OPEN APP
Home / Opinion / Views /  India needs a realistic model of education to raise employment
Listen to this article

Over the years, we have observed in India a visible increase in the number of children enrolled in schools. But at the same time, learning levels haven’t grown. Pratham’s Annual Status of Education Report (ASER) 2021 shows (bit.ly/3Jj3HLZ) that a higher number of older children (ages 15-16) are in school now, with 67.4% students enrolled in government schools (compared to 57.4% in 2018).

In the coming years, it is likely that we will see an even larger number of youth graduating with high school certificates and degrees. These youth are more likely to aspire for jobs in government or the private sector, with hardly anyone interested in agriculture or labour-based work. Yet, if we observe employment trends in India, over 80% of all workers are hired by the informal economy. Put two and two together, and it becomes painfully apparent that most youth are unable to fulfil the aspirations they had outlined for themselves.

Take for instance the youth trained by Pratham Education Foundation’s skilling centres. In 2015, over 85% of the youth enrolled had dropped out of the school system before grade 12. In 2021, however, less than 35% of the enrolled trainees were drop-outs, while the rest had completed grade 12 education. The eligibility criteria, content, courses and sectors have essentially remained the same over the last six years. Yet we can see that more ‘qualified’ youth are choosing to pursue a pathway designed for ‘drop-outs’. These youth who typically come from low-income families do not have the luxury of investing in higher education and advanced learning, given the opportunity cost. In such a situation, the idea that you can be connected from your village to a training centre and then to the workforce in less than 6 months is a more desirable alternative. There is a back-story which needs to be highlighted here.

Despite the higher rate of graduation from schools, most youth do not possess the skills expected of them by prospective employers. Much of this can be attributed to an emphasis on exams and the lack of focus on learning outcomes (bit.ly/3yVHK0M). Trainees who join Pratham centres have spent 3-7 years unsuccessfully looking for jobs after graduation (their median age of enrolment is 24-25), with limited guidance and awareness about opportunities. For years, these youth were conditioned to believe that working as an electrician or a housekeeping attendant is not admirable and they turned to vocational centres only as a last resort. The unfortunate reality is that there are millions in India who choose to stay unemployed instead of pursuing a vocation-based job. We need to shift from a ‘one-size-fits-all’ approach to one that is tailored to match local realities.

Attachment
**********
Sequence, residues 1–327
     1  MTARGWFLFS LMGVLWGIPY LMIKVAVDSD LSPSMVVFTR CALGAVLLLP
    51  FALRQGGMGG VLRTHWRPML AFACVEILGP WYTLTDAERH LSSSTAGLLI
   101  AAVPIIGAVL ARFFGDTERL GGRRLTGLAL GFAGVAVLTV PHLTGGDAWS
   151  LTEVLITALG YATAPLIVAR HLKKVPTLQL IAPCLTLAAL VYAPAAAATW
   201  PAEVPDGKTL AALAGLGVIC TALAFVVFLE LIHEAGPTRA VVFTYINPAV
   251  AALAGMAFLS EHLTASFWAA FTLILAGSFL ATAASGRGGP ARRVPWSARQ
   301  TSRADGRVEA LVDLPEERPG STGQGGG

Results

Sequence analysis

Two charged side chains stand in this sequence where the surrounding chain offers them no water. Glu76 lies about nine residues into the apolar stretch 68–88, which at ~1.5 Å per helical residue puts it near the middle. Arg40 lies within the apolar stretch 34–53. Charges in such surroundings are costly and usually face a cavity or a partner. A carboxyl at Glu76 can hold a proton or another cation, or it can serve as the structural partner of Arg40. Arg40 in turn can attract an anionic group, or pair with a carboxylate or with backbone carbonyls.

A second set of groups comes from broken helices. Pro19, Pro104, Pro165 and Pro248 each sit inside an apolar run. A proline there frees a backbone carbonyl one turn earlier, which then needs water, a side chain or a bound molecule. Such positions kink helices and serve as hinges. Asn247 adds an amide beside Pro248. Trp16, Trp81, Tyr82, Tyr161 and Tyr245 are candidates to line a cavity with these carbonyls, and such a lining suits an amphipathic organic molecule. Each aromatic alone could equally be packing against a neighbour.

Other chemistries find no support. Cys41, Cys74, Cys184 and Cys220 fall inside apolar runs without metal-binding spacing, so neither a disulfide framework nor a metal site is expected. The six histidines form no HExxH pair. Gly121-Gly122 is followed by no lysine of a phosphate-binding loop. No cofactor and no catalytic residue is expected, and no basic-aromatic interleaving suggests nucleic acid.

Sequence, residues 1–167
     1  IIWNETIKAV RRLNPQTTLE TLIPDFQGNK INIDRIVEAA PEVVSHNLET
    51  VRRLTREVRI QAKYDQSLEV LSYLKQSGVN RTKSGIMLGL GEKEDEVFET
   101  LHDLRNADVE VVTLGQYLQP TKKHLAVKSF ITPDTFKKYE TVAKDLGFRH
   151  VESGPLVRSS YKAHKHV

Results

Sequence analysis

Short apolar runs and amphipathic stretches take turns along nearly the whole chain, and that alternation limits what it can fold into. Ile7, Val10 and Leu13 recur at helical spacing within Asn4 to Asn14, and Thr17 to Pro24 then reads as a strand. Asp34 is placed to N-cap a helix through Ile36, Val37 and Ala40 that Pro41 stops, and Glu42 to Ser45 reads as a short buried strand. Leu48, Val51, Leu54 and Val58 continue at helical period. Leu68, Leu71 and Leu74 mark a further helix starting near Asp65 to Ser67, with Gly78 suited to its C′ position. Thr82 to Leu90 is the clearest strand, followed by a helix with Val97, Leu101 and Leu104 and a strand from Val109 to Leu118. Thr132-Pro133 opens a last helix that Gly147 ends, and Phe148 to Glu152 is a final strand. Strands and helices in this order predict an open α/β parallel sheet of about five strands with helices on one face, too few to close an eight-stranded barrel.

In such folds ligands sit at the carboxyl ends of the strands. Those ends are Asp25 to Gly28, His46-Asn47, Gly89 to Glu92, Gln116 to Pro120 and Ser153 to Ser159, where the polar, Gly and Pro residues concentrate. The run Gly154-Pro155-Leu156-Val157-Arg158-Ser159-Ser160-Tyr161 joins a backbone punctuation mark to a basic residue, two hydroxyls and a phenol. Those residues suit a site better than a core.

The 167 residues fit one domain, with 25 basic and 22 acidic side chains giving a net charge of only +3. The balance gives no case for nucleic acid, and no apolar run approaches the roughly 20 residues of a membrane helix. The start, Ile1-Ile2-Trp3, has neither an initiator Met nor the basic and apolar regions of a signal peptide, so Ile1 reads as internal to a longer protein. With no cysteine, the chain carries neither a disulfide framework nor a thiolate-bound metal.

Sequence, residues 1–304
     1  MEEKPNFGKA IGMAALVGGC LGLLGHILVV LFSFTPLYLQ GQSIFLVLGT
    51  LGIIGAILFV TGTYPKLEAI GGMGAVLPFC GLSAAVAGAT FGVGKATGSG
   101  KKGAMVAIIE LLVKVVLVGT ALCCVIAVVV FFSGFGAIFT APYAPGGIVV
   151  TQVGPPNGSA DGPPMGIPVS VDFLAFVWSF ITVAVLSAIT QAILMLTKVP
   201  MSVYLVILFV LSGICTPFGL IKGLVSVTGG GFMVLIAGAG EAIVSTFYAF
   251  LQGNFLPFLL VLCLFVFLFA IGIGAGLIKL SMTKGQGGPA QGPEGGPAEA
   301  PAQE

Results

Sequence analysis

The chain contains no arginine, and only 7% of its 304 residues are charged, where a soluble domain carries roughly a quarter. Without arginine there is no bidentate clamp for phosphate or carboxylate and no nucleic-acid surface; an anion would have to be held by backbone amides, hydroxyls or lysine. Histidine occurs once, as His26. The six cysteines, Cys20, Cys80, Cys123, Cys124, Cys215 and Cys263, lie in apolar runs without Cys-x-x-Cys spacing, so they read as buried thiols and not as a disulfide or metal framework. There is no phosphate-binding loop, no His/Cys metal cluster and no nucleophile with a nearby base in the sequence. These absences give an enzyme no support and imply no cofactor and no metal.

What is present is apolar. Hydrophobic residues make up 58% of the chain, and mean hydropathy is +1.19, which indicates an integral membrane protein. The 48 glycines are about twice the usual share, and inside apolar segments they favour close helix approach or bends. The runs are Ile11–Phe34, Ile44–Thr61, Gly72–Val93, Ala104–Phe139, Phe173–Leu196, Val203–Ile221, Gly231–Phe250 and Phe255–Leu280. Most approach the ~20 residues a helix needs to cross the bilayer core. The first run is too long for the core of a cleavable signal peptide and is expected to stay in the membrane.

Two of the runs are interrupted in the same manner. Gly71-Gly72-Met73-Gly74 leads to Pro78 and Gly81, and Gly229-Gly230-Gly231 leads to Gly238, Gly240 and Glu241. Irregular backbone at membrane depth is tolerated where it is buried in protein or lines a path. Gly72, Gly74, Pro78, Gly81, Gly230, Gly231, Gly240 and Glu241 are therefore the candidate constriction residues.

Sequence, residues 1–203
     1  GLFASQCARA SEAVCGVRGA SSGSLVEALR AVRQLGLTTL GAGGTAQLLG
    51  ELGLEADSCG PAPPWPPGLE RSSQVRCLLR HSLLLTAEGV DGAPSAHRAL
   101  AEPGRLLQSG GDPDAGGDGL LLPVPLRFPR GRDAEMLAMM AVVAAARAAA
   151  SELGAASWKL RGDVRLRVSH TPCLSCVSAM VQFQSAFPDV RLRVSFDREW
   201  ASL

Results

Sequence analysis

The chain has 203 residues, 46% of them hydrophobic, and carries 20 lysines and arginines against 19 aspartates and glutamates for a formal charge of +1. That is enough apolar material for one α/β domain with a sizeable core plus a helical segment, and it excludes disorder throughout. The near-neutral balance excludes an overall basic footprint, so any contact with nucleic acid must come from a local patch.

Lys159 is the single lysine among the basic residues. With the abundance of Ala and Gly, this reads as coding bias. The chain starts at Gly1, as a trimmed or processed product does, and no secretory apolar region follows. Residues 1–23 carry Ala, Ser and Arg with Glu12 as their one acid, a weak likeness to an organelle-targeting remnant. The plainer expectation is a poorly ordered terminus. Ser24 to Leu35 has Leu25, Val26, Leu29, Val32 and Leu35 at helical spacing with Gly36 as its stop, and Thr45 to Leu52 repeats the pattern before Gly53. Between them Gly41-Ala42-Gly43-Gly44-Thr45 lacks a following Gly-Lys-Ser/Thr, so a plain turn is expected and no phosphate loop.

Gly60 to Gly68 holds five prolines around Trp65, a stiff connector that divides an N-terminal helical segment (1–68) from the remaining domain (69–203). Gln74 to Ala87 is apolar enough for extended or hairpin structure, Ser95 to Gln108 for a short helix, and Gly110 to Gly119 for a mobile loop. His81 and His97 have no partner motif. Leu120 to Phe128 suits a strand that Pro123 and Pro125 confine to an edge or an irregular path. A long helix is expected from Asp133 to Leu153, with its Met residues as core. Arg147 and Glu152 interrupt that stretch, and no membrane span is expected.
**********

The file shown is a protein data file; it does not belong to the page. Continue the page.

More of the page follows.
The jobs of today are not the ones that existed two decades ago. Most professional degrees are designed to employ a minority within urban locations and require significant investment in academic education. Those who don’t pass the filters must settle for jobs which they believe are ‘below’ their qualification level, resulting in a vicious cycle of disgruntled employment. For more evidence of this, turn to the rapidly growing gig worker economy, where we see scores of young people with college degrees signing up to work as delivery partners, cab drivers and doorstep service providers.

We have been typecasting different types of jobs without accounting for their availability and accessibility. Rather than building a false narrative, we need to recognize the real jobs that the country has to offer. From policy to practice, the next advocacy mission should be for dignity of labour.

The National Education Policy’s call for introduction of vocational training into the education system offers the opportunity to address an information asymmetry which is painfully visible in communities. If you walk into any rural high school, you will find students who say they wish to become doctors. But most of these students struggle with academics and are unlikely to clear the required exams. However, what they’re not aware of is that their journey into the medical sector doesn’t have to end. By spending 2-3 months in a vocational training centre, they would be able to work in the sector as a general duty assistant or a home nurse, with limited financial investment. We need a system that enables teachers to counsel students on the value of various vocations without undermining these in favour of ‘advanced’ higher education.

Vocational training was originally designed to help those who fell behind in the education race. But it’s difficult to build a future by thinking you’re where you are because you fell behind. The system is forcing youth to play catch-up in a game they’re going to lose anyway because the larger battle they confront is the dichotomy between meeting short-term income needs and keeping their long-term aspirations alive.

The goal should be a level playing field that allows a match of aspirations and abilities, without discrimination of learners based on income levels, marginalization or socioeconomic limitations. If we are to assure young people dignity of labour, then as we enter this next phase of post-pandemic education, we need a model that directly serves the workforce without undermining the value of any type of work.

Annette Francis is director for skilling, entrepreneurship and livelihoods at Pratham Education Foundation

Subscribe to Mint Newsletters
* Enter a valid email
* Thank you for subscribing to our newsletter.

Never miss a story! Stay connected and informed with Mint. Download our App Now!!

Close
×
Edit Profile
Get alerts on WhatsApp
My ReadsRedeem a Gift CardLogout